Despite the Shiite cleric’s apparent efforts against Iranian influence in Iraq, his chief inspiration is Iran’s founder and most famous supreme leader.
Shayan TalabanyAugust 5, 2022, 2:43 PM
In recent months, Iraqi populist Shiite cleric Muqtada al-Sadr has gone from the forefront of efforts to formulate a government in Iraq to leading the country toward what he calls a “revolution.” Sadr’s supporters are now protesting in and occupying Iraq’s parliamentary building and the International (Green) Zone of Baghdad, catapulting Iraq’s government formation process into chaos.
After the success of his Sairoon (“Moving Forward”) alliance bloc in October 2021’s parliamentary elections, Sadr appeared to shake up Iraqi politics by forming a government that excluded his Iranian-backed opponents from power. As the leader of the bloc with the largest number of seats, Sadr rejected the formula for consensus-based power-sharing governments that has been the norm since former Iraqi President Saddam Hussein was toppled in 2003.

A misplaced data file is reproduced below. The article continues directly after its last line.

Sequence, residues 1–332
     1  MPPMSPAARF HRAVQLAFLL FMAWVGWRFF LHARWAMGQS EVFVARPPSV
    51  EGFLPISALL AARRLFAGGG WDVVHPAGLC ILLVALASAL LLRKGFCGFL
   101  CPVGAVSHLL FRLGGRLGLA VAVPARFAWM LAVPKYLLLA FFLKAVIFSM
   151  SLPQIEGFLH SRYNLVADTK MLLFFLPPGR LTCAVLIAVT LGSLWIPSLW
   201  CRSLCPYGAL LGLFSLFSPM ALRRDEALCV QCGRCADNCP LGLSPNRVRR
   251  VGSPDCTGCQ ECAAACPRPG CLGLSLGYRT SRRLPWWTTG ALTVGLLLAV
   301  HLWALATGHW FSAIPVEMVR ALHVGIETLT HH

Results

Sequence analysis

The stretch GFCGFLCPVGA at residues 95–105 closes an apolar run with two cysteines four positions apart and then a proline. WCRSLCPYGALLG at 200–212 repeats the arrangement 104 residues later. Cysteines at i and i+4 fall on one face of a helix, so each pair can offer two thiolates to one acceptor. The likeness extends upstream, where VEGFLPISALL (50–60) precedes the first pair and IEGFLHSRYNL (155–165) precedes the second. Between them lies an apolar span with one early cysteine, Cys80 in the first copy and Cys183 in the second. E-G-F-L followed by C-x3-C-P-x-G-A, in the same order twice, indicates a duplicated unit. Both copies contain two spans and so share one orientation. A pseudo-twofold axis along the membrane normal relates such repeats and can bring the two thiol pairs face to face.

Instead, Sadr formed a tripartite “Save the Homeland” alliance with the largest Kurdish party, Kurdish leader Masoud Barzani’s Kurdistan Democratic Party (KDP), as well as parliamentary speaker Mohammed al-Halbousi’s Sovereignty Alliance, a Sunni political bloc—thereby cementing a majority in Iraq’s parliament. The alliance was then tasked with forming Iraq’s government.